There are many reasons why a raw-water-pump impeller in a marine inboard engine can go bad, including improper operating conditions, a poor operating environment, excessive wear or simple old age. Given the relative ease with which most impellers can be inspected, it’s a good idea to examine all of the impellers you have on board periodically.
Removing an old, beaten-up water-pump impeller is easy. After removing the pump’s face plate, you merely use a screwdriver or pocket-knife to pry the darn thing out. Inserting a new impeller, however, is often problematic. Because the cavity into which the new, relatively stiff impeller must be inserted tends to be asymmetrical, it’s often difficult to get the entirety of the impeller’s circular-shaped cluster of rubber fins or vanes crammed in simultaneously.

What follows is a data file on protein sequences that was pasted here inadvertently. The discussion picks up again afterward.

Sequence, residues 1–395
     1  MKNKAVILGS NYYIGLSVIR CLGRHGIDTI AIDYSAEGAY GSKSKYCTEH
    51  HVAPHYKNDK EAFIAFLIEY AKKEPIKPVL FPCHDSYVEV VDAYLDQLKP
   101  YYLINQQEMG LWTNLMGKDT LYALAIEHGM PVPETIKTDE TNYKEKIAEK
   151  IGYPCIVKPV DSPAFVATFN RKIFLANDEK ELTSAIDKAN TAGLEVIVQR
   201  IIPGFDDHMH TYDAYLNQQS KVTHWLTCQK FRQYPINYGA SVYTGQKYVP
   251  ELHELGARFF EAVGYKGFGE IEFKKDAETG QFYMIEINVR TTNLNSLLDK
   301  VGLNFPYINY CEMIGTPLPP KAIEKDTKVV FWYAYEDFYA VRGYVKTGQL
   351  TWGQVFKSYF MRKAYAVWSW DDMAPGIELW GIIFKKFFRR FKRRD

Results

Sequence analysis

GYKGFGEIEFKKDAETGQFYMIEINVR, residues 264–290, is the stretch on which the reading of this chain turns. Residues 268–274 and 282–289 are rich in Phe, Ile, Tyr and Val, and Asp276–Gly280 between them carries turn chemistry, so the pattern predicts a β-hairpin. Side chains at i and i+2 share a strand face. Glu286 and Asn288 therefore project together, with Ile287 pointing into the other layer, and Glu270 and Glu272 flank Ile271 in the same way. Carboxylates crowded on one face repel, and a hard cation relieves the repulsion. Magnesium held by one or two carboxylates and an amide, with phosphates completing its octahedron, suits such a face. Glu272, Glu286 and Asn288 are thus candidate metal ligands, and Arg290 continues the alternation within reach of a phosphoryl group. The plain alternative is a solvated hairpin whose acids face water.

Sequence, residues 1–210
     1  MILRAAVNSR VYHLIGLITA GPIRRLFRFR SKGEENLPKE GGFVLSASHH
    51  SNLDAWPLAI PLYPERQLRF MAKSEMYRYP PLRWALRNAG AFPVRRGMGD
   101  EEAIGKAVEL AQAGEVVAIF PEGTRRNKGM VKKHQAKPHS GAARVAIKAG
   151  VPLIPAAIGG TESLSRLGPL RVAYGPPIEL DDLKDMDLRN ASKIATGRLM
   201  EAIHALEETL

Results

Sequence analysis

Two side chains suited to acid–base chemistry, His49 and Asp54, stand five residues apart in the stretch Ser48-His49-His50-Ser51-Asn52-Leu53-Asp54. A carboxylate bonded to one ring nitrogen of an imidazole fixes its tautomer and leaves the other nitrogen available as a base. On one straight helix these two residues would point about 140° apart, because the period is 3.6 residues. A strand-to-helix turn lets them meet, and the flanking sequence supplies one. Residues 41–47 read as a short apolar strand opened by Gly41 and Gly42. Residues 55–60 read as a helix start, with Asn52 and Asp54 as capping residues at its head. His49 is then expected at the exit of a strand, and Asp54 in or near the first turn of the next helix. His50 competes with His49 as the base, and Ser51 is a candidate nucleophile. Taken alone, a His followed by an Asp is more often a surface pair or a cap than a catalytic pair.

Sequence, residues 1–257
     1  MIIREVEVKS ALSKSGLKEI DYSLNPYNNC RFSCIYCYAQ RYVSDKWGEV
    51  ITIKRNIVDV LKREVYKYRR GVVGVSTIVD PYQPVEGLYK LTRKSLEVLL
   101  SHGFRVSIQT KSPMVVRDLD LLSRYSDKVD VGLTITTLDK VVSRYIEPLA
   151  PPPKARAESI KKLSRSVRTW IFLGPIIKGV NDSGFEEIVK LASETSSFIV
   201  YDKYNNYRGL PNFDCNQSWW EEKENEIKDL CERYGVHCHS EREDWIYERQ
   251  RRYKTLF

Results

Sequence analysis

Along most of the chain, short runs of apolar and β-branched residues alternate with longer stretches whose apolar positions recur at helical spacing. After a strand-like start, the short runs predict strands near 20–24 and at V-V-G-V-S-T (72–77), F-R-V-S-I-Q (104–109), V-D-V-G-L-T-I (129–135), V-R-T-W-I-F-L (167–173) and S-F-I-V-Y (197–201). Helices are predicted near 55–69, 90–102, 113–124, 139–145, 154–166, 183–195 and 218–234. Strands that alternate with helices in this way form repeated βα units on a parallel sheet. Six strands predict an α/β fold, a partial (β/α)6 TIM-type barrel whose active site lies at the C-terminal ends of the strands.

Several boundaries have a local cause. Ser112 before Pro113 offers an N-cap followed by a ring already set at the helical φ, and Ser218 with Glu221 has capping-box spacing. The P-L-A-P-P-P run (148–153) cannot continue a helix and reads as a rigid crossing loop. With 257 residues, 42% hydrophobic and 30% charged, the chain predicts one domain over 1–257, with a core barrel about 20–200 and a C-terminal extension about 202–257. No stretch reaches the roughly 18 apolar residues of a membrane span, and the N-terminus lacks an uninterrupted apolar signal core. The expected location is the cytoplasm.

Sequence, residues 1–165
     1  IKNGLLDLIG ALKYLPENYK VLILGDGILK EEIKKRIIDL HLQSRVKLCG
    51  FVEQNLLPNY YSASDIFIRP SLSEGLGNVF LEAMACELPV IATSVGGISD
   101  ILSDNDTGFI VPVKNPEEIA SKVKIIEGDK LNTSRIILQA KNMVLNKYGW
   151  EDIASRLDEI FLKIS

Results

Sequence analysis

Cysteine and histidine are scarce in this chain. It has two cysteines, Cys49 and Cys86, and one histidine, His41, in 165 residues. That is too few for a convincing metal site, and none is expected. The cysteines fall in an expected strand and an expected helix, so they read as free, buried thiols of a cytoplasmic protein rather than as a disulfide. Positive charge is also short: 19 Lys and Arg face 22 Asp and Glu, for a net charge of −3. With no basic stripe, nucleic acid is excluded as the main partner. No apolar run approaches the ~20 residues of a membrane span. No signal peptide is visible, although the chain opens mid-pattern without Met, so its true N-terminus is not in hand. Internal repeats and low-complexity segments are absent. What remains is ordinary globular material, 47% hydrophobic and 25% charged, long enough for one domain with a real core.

Going with the following sequence is bound to help. First, lubricate the fins of the impeller and the cavity with some sort of low-temperature grease—this will facilitate insertion and keep the fins or vanes from overheating when they rotate during startup. As luck would have it, manufacturers often supply small tubes of such grease in their impeller replacement kits. Second, prior to the insertion of the new impeller, circumscribe its fins with a tie- or cable-wrap, placing the wrap at a point that is at least, say, one-quarter of an inch from the side of the impeller that will go into the cavity first. Tighten the wrap until the circumference of the impeller is slightly less than the cavity’s smallest transverse dimension. Third, partially slide the impeller into the cavity (and on to the shaft that resides at its center), making sure that any possible fin ‘set’ accommodates the shaft’s direction of rotation. If the set seems to oppose the direction of rotation, simply flip the impeller over, reposition the wrap and continue as before.
Once you’ve got the impeller partially inserted, maintain pressure on it with your hand while you remove the wrap with shears, side-cutters, or some other appropriate tool. Then shove the impeller home, slap on a new gasket, and secure the face plate. That’s it—easy, eh?